The wood energy field is situated between the administration of energy (management of
needs) and the administration of forestry (management of wood supplies). This situation
u
sually causes problem of coordination between the administrations and impedes the
setting up of a coherent policy in this field.

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Finally, this field has always lacked financial means for its development and progress.


Policy outlines

Table 4.2.
1

Summary of

objectives, policy outlines and instruments for
solar and wind pumps and
improved stoves in
Tunisia

Niches

Objectives

Policies

Instruments

Solar and
Wind pumps

• Improve the knowledge and the
acceptability of these technologies by the
concerned partners
: farmers, agricultural
facilities
-
sellers, administration, banks, etc.

• Facilitate the access to loans to
finance solar and wind pumping.


• Mechanism permitting middle term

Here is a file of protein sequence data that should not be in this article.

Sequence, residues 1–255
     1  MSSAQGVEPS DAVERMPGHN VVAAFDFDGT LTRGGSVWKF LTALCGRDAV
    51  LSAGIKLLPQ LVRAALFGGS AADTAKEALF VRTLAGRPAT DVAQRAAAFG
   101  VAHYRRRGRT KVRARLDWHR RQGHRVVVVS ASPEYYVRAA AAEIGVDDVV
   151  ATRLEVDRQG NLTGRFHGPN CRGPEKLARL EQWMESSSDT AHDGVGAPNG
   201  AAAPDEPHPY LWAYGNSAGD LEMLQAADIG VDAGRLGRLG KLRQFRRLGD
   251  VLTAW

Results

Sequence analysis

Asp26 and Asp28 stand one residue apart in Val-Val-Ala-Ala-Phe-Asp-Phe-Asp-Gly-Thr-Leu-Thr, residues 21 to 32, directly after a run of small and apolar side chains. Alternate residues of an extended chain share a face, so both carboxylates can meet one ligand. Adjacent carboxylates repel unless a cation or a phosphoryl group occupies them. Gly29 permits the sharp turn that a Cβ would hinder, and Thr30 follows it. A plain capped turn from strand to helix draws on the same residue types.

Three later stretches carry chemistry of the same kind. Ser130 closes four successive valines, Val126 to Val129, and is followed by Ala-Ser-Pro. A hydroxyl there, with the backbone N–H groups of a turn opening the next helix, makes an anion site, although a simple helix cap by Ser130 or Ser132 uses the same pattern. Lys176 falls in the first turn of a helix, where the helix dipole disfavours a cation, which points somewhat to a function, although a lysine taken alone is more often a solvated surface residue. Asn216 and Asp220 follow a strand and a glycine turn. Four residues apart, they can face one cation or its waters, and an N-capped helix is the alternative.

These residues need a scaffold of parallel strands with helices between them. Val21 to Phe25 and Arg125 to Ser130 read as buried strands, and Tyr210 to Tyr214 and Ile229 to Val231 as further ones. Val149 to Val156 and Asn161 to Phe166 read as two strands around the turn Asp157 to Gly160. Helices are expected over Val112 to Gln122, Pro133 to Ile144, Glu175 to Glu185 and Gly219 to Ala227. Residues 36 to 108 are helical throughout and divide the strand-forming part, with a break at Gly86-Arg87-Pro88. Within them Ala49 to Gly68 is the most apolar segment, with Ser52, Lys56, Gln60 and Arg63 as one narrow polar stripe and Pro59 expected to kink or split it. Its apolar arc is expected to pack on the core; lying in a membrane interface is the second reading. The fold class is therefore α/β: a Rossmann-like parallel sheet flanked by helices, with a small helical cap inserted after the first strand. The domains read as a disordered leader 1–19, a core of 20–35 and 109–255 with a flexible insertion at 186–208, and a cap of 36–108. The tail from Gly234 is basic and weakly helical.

bank loans

• In depth evaluation of conditions for
financial partners interven
tion

• Launch a pilot project for micro
-
loans

• To imply the local authorities extensively in
the promotion of the PV (photovoltaic)
pumping and wind.

• Make Wind and Solar pumping
benefit from Water economy
subsidies



• To encourage the progressive o
ccurrence
of qualified and competent operators and
widely an embedded national field for these
technologies.

• Convincing the Ministry of
Agriculture and the RADA.

• Launching a communication
campaign

• Periodic organization of seminars and
workshops





Convincing Non Governmental
Organizations.


• Communication campaign



• Sensitizing farmers and rural
population.


• Communication campaign



• Communication targeting experts
in this field.


• Communication campaign